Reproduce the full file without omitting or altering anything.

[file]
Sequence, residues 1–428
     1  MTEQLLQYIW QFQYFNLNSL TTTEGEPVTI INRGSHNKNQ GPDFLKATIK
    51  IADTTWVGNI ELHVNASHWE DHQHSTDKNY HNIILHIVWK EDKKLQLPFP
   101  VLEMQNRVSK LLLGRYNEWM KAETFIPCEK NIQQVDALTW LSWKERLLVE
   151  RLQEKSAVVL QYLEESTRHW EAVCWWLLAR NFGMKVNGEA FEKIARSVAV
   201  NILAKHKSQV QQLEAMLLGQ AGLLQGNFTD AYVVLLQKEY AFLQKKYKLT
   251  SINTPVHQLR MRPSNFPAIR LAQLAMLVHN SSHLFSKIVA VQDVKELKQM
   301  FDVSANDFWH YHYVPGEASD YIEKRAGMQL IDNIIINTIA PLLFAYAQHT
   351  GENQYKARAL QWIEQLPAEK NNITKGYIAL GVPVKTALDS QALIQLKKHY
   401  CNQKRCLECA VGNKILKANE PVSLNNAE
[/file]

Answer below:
Sequence, residues 1–428
     1  MTEQLLQYIW QFQYFNLNSL TTTEGEPVTI INRGSHNKNQ GPDFLKATIK
    51  IADTTWVGNI ELHVNASHWE DHQHSTDKNY HNIILHIVWK EDKKLQLPFP
   101  VLEMQNRVSK LLLGRYNEWM KAETFIPCEK NIQQVDALTW LSWKERLLVE
   151  RLQEKSAVVL QYLEESTRHW EAVCWWLLAR NFGMKVNGEA FEKIARSVAV
   201  NILAKHKSQV QQLEAMLLGQ AGLLQGNFTD AYVVLLQKEY AFLQKKYKLT
   251  SINTPVHQLR MRPSNFPAIR LAQLAMLVHN SSHLFSKIVA VQDVKELKQM
   301  FDVSANDFWH YHYVPGEASD YIEKRAGMQL IDNIIINTIA PLLFAYAQHT
   351  GENQYKARAL QWIEQLPAEK NNITKGYIAL GVPVKTALDS QALIQLKKHY
   401  CNQKRCLECA VGNKILKANE PVSLNNAE